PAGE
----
FINANCING FOR EQUITY
1. Overall education financing mechanisms
2. Policies and programmes to provide resources to schools
3. Education policies and programmes to provide resources to students and families
4. Social policies and programmes to provide resources to students and their families
Article 43 of the Constitution states that basic and general education are to be universal and free. Article 79 of Framework Law No. 14/004 of 11 February 2014 adds that general secondary education, which covers two years, is not compulsory but is free of charge. These measures cost USD 504.31 million in 2019 compared with a forecast total cost of USD 1.74 billion for 2019 (i.e. 29 per cent of public spending on education under the sector strategy in 2019). These resources relate only to State-funded educational institutions, i.e. public schools, whether they are secular or managed by the church.
In 2014, spending on the education sector reached 17.8 per cent of the State budget. Public spending on education, which accounted for 1.5 per cent of gross domestic product (GDP) in 2010, reached 2 per cent in 2014 (USD 718.4 million). It is funded from the general State budget and by external support. There are approximately 18,000 accredited primary, secondary, technical and vocational schools operating in the country.
The 2016–2025 Education and Training Sector Strategy provides for the establishment of a "new social pact" that shares the cost between the State and families. The reform will ensure that funds contributed by families remain within the educational institution and are used to improve the learning environment.
The sectoral authorities rely on the support of external partners, including the Global Partnership for Education to the tune of USD 100 million, the United Nations Children’s Emergency Fund (UNICEF), the World Bank, the French Development Agency, Belgian cooperation, the United Nations Educational, Scientific and Cultural Organization (UNESCO), and British and American cooperation, among others. Inclusive education, largely handled by non-governmental organizations (NGOs), relies on different financing mechanisms. For example, every year, the UNICEF provincial offices and the heads of the provincial departments for primary, secondary and vocational education meet to identify, cost and plan measures to achieve the projects’ objectives and monitor their expected outcomes. Each province has a costed annual workplan. The heads of the provincial departments for primary, secondary and vocational education prepare and send the documentation detailing the activities contained in the annual workplan to the UNICEF provincial offices to request funding. The heads of the UNICEF provincial offices review and approve this request and transfer the funds. The recipients must provide the provincial offices with evidence that the funds have been used properly.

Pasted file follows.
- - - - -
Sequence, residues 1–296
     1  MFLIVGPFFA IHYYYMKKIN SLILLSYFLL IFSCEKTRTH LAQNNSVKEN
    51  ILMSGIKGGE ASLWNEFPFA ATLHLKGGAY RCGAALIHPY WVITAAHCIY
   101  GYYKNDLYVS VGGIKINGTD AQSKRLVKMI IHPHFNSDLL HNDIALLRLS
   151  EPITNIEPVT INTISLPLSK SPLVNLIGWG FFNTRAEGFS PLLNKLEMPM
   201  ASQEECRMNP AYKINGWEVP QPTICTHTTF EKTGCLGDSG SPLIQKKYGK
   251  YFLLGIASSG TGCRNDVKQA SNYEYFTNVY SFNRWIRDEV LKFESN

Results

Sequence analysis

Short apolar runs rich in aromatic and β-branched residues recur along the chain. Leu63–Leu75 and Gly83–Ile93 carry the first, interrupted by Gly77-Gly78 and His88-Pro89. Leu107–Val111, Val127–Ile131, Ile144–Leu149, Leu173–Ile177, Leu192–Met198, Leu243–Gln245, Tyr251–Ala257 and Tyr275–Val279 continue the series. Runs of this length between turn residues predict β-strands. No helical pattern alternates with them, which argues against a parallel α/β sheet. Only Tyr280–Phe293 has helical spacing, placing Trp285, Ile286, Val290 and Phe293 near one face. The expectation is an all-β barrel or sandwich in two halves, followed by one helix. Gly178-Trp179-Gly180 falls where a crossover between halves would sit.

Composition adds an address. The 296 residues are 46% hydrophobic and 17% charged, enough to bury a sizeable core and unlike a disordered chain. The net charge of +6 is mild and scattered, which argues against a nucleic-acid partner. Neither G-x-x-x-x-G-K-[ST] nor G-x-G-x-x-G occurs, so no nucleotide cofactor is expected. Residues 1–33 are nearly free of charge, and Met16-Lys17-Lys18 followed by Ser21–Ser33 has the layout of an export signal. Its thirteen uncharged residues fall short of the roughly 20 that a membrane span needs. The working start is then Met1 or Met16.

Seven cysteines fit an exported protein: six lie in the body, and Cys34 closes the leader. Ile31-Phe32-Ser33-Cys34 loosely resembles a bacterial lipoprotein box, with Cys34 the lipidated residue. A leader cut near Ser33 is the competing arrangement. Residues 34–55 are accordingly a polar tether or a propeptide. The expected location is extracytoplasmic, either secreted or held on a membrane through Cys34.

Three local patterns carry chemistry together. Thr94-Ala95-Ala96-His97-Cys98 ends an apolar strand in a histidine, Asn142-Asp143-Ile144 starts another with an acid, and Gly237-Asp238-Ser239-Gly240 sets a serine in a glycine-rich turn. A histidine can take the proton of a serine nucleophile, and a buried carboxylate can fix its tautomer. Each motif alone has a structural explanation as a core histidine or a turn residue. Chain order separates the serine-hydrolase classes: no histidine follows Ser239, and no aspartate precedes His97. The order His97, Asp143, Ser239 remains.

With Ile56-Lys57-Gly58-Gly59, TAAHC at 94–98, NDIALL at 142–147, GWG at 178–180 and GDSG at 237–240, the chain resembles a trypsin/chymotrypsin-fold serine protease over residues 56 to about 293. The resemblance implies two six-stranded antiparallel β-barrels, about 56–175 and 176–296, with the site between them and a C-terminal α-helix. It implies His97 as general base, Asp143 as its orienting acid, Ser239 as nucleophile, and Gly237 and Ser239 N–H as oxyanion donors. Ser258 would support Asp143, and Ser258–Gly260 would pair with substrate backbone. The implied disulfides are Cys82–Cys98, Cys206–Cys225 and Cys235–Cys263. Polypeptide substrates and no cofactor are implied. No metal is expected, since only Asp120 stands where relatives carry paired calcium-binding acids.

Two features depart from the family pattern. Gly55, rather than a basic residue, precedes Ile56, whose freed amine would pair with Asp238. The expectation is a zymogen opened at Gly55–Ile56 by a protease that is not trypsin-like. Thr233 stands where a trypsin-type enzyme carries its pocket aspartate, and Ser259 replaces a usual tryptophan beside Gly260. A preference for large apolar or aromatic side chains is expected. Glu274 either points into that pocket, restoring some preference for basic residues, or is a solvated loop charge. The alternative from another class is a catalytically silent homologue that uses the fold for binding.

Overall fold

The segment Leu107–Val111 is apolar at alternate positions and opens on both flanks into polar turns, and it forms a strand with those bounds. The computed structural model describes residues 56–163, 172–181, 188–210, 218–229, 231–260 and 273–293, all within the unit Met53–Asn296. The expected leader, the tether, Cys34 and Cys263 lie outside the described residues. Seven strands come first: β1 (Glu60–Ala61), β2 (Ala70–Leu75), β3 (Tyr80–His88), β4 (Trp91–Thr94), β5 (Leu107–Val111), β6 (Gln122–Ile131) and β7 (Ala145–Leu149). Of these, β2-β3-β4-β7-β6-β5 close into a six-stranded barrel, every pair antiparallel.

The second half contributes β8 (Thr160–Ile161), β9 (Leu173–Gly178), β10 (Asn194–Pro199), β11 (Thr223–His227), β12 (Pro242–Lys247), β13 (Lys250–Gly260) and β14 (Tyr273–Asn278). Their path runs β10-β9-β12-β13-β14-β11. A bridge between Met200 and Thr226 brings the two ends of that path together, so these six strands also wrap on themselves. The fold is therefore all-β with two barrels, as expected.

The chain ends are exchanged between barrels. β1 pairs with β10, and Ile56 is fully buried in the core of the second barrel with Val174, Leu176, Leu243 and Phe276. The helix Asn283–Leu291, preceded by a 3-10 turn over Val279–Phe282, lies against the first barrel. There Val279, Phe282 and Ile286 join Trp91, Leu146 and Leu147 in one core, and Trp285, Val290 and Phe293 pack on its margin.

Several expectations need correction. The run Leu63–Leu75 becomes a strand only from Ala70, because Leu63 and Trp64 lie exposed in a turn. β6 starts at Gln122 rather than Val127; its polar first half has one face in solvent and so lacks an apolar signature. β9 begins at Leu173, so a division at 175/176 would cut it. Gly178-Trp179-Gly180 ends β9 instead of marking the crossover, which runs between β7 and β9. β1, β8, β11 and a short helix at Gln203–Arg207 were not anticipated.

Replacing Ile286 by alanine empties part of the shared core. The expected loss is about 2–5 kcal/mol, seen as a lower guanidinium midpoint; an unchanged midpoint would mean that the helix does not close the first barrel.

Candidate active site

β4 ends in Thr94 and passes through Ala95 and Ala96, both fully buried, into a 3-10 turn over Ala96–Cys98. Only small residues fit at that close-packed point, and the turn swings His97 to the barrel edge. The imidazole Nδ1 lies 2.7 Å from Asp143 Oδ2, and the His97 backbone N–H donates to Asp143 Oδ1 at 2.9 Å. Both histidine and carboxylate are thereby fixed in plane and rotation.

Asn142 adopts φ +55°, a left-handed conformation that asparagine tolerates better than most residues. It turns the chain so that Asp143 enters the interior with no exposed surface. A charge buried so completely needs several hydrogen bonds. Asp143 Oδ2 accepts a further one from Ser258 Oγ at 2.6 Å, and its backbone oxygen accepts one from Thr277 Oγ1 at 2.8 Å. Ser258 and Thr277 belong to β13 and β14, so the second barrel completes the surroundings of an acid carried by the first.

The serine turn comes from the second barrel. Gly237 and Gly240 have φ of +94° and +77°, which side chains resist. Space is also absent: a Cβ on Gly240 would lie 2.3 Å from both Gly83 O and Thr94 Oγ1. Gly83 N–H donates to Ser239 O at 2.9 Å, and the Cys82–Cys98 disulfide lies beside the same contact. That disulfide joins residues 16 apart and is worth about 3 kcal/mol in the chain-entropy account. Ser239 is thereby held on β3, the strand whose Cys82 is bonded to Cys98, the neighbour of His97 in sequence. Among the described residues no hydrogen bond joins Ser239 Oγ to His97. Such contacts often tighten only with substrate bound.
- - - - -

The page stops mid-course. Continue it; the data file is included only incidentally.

Universal primary education is the strategy’s top priority.
The 2016–2025 Education and Training Sector Strategy starts with a package of measures to set up school canteens in nearly 3,000 primary schools by 2025. To this end, the State is expected to invest USD 2.5 million in 2019 (and a total of USD 7.5 million between 2016 and 2020) in conducting a feasibility study on the introduction of school canteens. There are plans to spend another USD 2.5 million in 2019 on incentives for setting up school canteens (a total of USD 7.5 million between 2016 and 2020). These canteens will be introduced based on the profile of the children or families affected (socioeconomic background). This measure is in line with the objective of making access more equitable to support the education of disadvantaged or marginalized populations.